A collector’s piece that is unusual and unique in its category, it adopts all the Maison’s watchmaking codes. The “rail track” and hour markings are adapted to the dial’s asymmetrical shape and the crown is set with a cabochon. Both respectful of the Maison’s watchmaking tradition while at the same time breaking away from common practice, this Cloche creation is unusual in that it may be read whilst worn on the wrist and can additionally be removed and placed on a table to be transformed into a “desk clock”. Two new calibres have had to be made at the Cartier Manufacture at La Chaux-de-Fonds in Switzerland to adapt to the aesthetic imperatives imposed by this unique shape.
The Cloche de Cartier Classic and Skeleton
Barely 100 years old and still ticking as it did on the very first day. Keeping everything from the original, with a singularity that surprises at first glance, making you see things differently as you get closer to it. Available in pink gold, yellow gold or platinum, it displays all of Cartier’s watchmaking codes: rail tracks, sword-shaped hands and a closed-set cabochon on the winding crown. It has stayed faithful to the original model’s finishes: satin-finished on the back, polished between the lugs or edges, it is powered by the 1917 MC Manufacture mechanical movement, a calibre created in 2019.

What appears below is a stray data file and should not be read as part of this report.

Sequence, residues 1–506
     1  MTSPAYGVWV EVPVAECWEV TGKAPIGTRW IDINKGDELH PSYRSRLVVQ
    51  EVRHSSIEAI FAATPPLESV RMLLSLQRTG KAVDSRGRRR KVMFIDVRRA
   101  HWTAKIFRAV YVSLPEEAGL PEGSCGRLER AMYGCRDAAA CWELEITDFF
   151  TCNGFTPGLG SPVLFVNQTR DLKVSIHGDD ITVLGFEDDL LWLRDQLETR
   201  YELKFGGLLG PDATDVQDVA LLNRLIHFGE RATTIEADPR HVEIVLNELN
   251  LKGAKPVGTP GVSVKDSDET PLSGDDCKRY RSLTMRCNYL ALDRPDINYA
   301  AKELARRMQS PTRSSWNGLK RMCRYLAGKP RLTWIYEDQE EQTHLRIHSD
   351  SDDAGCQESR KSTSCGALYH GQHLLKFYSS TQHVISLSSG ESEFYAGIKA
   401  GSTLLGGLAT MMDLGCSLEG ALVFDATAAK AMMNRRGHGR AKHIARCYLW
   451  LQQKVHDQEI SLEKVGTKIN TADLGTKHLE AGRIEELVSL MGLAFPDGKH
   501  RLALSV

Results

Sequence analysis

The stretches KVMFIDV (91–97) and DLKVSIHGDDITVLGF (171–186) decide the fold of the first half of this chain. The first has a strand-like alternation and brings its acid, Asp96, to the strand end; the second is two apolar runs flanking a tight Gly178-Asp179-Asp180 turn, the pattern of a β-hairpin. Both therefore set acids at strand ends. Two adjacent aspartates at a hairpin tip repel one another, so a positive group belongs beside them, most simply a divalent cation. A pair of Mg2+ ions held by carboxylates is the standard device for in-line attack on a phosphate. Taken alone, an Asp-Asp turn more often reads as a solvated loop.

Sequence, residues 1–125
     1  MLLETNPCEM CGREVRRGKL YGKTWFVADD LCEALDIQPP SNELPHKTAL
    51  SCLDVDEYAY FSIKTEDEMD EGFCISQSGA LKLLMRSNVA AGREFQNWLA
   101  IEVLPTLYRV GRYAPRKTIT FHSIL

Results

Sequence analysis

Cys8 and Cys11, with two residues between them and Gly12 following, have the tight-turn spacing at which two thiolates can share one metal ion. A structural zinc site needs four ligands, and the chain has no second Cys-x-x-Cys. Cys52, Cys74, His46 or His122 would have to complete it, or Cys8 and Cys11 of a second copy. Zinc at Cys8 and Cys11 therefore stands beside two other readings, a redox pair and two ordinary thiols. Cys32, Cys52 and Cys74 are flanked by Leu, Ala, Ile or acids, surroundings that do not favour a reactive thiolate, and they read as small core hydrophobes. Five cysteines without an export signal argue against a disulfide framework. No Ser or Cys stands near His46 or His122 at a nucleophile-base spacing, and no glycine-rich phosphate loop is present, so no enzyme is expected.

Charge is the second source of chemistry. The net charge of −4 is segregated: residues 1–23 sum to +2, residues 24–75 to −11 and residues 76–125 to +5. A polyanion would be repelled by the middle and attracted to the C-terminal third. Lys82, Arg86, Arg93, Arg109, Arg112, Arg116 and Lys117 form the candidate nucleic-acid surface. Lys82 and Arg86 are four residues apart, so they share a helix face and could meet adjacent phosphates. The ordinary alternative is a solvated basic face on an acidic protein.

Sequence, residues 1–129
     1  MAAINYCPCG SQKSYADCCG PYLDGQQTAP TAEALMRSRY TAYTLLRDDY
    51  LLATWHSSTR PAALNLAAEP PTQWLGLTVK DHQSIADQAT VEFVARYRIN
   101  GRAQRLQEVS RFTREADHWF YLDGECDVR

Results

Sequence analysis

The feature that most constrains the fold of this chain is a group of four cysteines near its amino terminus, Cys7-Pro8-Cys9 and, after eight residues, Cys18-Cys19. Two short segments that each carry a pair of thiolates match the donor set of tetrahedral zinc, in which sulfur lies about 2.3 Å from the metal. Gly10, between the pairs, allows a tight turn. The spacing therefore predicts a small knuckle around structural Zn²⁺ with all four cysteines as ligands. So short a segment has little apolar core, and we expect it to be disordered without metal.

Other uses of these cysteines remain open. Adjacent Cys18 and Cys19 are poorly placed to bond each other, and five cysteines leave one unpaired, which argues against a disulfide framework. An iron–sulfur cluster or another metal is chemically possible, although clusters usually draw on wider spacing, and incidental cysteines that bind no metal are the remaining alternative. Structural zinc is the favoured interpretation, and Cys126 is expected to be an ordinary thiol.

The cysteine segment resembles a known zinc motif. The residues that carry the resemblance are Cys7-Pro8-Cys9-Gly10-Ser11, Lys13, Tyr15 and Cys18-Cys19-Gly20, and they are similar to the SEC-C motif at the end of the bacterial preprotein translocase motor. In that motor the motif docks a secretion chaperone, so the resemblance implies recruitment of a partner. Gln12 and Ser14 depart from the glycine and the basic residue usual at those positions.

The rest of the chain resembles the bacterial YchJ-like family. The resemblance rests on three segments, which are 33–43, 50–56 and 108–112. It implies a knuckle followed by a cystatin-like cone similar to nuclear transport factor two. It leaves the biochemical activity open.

This year, Cartier has chosen to apply one of its watchmaking signatures, the skeleton, to this iconic watch: a true technical feat in the field that involves adapting this complication to the watch’s atypical shape. Three skeleton models complete this collection. While it showcases the immediacy of an entirely openworked dial, it required the Manufacture 1917 mechanical movement to be completely reworked into a very fine network of gears, visible through the transparent Roman numerals, now transformed into bridges. It is now known as the 9626 Cartier Manufacture movement.